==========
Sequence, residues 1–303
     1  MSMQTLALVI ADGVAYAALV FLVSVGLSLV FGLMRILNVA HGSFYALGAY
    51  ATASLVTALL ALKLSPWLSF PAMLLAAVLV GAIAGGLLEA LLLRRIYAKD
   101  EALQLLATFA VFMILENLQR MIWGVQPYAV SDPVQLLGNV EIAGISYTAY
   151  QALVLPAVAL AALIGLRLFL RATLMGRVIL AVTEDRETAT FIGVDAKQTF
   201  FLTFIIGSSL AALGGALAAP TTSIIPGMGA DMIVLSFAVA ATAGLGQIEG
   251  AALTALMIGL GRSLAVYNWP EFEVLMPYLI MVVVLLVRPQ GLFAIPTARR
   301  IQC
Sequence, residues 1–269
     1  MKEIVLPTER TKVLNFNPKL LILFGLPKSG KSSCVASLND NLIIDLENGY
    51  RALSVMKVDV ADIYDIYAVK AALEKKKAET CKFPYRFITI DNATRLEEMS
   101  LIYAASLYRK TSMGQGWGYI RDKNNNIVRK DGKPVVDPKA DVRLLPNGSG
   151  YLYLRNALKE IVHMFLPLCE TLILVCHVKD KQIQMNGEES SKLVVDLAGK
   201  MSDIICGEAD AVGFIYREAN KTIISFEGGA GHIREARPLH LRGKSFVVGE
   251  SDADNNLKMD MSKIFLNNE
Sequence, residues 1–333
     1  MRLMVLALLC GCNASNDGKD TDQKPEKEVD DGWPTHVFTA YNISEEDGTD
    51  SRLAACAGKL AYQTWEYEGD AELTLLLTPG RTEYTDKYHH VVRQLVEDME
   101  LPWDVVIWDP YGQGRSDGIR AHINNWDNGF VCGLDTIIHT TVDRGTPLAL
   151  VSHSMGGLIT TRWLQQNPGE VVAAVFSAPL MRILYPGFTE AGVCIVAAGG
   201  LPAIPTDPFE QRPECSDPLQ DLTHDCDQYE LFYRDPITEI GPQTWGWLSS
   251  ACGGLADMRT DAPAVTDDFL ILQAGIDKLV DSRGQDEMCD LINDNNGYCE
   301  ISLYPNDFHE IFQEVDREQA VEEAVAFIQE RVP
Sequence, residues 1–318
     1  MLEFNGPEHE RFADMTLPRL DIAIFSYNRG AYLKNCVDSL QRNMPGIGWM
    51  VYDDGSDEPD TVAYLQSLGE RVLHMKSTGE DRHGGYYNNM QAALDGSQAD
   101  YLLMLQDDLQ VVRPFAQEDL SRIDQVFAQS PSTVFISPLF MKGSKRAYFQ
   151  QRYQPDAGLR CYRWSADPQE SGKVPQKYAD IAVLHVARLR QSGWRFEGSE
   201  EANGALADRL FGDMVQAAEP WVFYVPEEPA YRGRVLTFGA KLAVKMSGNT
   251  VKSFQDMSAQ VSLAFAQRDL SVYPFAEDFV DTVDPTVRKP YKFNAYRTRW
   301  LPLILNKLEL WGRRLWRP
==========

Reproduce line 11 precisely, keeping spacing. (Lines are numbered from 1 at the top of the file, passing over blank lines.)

    51  RALSVMKVDV ADIYDIYAVK AALEKKKAET CKFPYRFITI DNATRLEEMS